Tim Smith on the UK’s Trade and Agriculture Commission, intervention and food standards

The Yorkshire-born Tim Smith is not often prone to hyperbole. Not a bad trait, you’d have to say, from a veteran of some of the top jobs in the food industry. That kind of measured approach could come in handy in pressure-filled roles like CEO of the FSA or Tesco group quality director.

So as he reflects on his recent spell as chair of the UK’s Trade & Agriculture Commission, it is all the more striking to hear Smith’s stark assessment of the risks of undermining food standards in any future trade deals with countries like the US or Brazil. “The very fabric of our society is at risk if somebody’s doing a trade deal that doesn’t take notice of the things, like animal welfare and climate change, valued most by citizens and the sector.”

Smith is speaking from his home in Sheffield, reflecting on his tenure as head of the commission set up in 2020 to “advise and inform the government’s trade policies” as it strikes out as an independent nation for the first time in decades. Liz Truss established the body after years of newspaper headlines that the UK planned to accede to US requests to allow chlorinated chicken and hormone-treated beef to enter the UK. The commission would, Truss said, help “ensure UK farmers do not face unfair competition” by undermining production standards.

The body issued its final report in March last year, putting forward 22 recommendations that balanced a “liberalised approach to opening up trade combined with a safeguarding of standards”. Yet this year, with farmers claiming recent trade deals with Australia and New Zealand could threaten their livelihoods due to an influx of cheaper goods produced to lower standards, some are left questioning whether the commission was ever anything but smoke and mirrors. Even Smith is not immune to such doubts. “You do always wonder whether you’ve had any real impact,” he says.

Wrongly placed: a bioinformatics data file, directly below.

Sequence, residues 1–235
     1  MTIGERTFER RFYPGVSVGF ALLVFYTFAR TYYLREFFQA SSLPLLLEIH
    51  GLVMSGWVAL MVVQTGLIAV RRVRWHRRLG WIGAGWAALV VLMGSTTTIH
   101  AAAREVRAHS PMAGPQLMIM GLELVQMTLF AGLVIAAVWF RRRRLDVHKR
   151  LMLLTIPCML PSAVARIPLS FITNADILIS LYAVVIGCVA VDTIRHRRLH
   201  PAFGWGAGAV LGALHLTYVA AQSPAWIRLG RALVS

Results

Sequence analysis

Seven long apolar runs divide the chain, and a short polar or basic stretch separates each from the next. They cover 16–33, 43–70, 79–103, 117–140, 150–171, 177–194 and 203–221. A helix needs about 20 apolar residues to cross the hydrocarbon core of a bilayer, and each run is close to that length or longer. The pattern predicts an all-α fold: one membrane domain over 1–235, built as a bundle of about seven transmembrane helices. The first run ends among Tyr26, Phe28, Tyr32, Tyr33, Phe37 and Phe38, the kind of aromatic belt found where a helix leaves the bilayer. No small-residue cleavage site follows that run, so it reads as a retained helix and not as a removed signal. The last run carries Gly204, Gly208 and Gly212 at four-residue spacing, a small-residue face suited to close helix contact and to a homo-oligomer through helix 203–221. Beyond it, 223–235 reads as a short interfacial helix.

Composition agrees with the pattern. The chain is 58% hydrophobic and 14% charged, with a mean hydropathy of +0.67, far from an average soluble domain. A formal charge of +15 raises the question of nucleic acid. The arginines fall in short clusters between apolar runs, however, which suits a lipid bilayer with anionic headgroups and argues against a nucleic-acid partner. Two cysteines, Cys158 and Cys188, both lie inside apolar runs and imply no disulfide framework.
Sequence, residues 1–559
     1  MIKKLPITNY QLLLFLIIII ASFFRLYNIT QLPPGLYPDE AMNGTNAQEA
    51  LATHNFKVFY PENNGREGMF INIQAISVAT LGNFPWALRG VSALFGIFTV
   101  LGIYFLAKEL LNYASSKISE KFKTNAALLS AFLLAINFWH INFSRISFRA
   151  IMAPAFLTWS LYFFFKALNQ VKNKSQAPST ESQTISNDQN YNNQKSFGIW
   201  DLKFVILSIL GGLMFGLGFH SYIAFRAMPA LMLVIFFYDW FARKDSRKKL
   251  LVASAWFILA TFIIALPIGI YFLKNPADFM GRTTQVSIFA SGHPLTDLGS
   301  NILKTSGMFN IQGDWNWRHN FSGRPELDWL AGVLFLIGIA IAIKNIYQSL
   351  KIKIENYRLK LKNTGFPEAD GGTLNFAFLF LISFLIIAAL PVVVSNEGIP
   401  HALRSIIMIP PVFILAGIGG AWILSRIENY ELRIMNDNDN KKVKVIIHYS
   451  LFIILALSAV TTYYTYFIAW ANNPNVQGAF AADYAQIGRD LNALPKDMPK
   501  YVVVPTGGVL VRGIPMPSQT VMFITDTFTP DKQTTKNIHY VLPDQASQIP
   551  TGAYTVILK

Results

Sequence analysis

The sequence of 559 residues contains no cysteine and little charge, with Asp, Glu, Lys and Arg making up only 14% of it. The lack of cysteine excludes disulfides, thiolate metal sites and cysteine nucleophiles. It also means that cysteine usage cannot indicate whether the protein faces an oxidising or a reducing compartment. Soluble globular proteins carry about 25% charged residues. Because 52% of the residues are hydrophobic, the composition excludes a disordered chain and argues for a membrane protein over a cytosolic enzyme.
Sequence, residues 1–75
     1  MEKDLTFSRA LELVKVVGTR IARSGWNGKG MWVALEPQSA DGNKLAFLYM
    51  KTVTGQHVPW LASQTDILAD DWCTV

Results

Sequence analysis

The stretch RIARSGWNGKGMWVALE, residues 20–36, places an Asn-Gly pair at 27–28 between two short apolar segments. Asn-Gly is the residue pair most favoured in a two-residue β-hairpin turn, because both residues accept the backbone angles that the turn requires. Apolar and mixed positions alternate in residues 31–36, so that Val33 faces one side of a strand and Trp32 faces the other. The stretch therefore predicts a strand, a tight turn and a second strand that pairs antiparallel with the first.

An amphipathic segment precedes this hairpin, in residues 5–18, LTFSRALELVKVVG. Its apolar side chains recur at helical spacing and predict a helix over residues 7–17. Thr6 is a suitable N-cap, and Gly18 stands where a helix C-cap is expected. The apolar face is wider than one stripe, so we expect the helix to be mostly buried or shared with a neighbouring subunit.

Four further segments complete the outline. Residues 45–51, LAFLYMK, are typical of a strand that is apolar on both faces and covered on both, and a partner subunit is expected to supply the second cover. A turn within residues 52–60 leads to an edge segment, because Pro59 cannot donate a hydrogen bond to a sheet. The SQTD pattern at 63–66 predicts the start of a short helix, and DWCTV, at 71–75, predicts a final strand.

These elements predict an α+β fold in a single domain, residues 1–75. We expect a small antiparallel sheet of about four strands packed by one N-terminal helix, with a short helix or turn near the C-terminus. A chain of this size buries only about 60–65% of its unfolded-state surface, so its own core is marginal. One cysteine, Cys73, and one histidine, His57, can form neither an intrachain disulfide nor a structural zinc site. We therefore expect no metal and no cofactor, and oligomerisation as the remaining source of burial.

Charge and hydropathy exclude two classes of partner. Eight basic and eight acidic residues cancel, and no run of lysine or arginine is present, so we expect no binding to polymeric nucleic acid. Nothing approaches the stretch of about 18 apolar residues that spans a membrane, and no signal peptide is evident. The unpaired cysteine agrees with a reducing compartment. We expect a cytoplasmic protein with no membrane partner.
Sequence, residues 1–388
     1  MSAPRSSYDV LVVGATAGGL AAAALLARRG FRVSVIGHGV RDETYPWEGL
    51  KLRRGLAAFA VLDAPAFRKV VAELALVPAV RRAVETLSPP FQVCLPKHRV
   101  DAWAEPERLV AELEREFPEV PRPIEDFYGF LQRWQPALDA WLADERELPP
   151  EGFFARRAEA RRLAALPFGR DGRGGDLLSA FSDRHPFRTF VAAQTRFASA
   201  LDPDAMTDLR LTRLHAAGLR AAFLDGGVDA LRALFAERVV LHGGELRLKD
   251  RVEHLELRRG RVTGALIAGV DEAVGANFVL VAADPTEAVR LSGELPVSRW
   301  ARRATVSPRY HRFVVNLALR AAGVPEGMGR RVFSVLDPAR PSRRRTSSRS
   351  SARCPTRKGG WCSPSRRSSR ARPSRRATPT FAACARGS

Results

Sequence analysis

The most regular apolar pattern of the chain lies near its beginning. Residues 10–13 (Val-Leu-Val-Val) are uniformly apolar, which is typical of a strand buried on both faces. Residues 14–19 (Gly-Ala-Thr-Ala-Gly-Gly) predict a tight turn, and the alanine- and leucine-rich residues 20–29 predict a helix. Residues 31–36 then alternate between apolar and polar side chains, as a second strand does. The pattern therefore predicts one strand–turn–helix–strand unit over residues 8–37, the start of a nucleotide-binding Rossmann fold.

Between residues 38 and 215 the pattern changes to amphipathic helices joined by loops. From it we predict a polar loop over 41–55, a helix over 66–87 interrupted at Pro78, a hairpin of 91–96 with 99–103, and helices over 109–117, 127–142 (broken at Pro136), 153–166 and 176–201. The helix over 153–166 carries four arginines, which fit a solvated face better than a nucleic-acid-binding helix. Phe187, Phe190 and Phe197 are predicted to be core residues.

Snapshot

Name: Tim J Smith

Age: 66

Lives: Sheffield

Potted CV: Currently chairman of Cranswick and non-executive director of Pret a Manger. Formerly chair of the UK’s Trade & Agriculture Commission. A board member for Natasha Foundation, Leeds University, and Farm Africa. In the food industry for over 40 years including CEO of the Food Standards Agency, group quality director at Tesco and CEO, Arla

Biggest challenge facing food: Fairly balancing affordability, health, and sustainability for all involved

Currently reading: Puckoon – Spike Milligan

Dream dinner party guests: BB King, Barbara Castle, Jimmy Greaves and Michelle Obama

Ultimately though, Smith is optimistic. Talks with Australia and New Zealand were already well advanced when the commission began its work, he says, and so were never going to be too influenced by it. The real judge will be in the UK government’s trade strategy from here on out. “And if all we’ve done is help the negotiating officials to see the world in a different way then that’s not a bad thing. If we also got some political impetus then that will be helpful.”

What emerges from Smith’s analysis is not a commentary on current British trade strategy per se, but rather a more fundamental point around how the narratives and approach of all sides need to evolve if the British food industry is to reach its true potential.